Skip to main content

Lennox-Gastaut Syndrome clinical trials at UCSF

4 in progress, 3 open to eligible people

Showing trials for
  • Soticlestat as an Add-on Therapy in Children and Adults With Dravet Syndrome or Lennox-Gastaut Syndrome

    open to eligible people ages 2-56

    The main aim of the study is to learn if soticlestat, when given as an add-on therapy, reduces the number of seizures in children and adults with Dravet Syndrome (DS) or Lennox-Gastaut Syndrome (LGS). Participants will receive their standard anti-seizure therapy, plus tablets of soticlestat. There will be scheduled visits and follow-up phone calls throughout the study.

    San Francisco, California and other locations

  • LP352 in Subjects With Developmental and Epileptic Encephalopathy

    open to eligible people ages 12-65

    The objective of this study is to assess the long-term safety, tolerability, and efficacy of adjunctive therapy of LP352 in subjects with developmental and epileptic encephalopathies who completed participation in Study LP352-201.

    San Francisco, California and other locations

  • RNS System LGS Feasibility Study

    open to eligible people ages 12 years and up

    To generate preliminary safety and effectiveness data for brain-responsive neurostimulation of thalamocortical networks as an adjunctive therapy in reducing the frequency of generalized seizures in individuals 12 years of age or older with Lennox Gastaut Syndrome (LGS) who are refractory to antiseizure medications. The intent is to determine the feasibility and the optimal design of a subsequent pivotal study in order to expand the indication for use for the RNS System as a treatment for patients with medically intractable LGS.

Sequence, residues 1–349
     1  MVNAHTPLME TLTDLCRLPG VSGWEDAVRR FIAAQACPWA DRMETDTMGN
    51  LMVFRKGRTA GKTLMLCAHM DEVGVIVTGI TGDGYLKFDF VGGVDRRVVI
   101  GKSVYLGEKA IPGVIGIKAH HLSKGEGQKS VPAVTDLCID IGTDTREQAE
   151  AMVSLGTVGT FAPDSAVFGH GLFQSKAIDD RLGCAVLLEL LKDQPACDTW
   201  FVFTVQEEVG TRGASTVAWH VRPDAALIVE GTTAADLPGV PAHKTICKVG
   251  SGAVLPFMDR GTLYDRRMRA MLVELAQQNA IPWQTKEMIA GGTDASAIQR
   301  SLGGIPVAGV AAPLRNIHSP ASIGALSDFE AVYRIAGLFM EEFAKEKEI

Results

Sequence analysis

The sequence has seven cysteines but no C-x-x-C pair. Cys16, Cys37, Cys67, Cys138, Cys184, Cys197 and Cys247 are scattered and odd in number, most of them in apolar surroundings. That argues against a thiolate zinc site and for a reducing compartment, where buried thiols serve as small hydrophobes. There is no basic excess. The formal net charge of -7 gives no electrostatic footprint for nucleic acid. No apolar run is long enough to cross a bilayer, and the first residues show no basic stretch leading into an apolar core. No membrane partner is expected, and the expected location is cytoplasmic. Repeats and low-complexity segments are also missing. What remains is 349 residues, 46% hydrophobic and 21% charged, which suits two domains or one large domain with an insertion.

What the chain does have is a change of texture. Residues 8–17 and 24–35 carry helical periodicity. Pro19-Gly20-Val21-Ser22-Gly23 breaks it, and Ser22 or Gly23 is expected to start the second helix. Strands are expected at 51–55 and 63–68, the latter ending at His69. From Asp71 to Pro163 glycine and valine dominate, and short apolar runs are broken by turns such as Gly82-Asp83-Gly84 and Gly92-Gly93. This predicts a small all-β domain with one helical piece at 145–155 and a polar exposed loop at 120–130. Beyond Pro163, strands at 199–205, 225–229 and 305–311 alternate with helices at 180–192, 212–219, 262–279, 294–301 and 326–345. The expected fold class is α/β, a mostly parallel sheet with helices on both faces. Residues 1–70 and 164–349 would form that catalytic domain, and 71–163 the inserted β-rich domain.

San Francisco, California and other locations

  • Soticlestat as an Add-on Therapy in Children, Teenagers, and Adults With Lennox-Gastaut Syndrome

    Sorry, in progress, not accepting new patients

    The aims of the study are: - to learn if soticlestat, when given as add-on therapy, reduces the number of major motor drop seizures in children, teenagers, and adults with Lennox-Gastaut Syndrome. - to assess the safety profile of soticlestat when given in combination with other therapies. Participants will receive their standard antiseizure therapy, plus either tablets of soticlestat or placebo. A placebo looks just like soticlestat but will not have any medicine in it. Participants will take soticlestat or placebo for 16 weeks, followed by a gradual dose reduction for 1 week. Then, participants will be followed up for 2 weeks.

    San Francisco, California and other locations

Our lead scientists for Lennox-Gastaut Syndrome research studies include .

Last updated: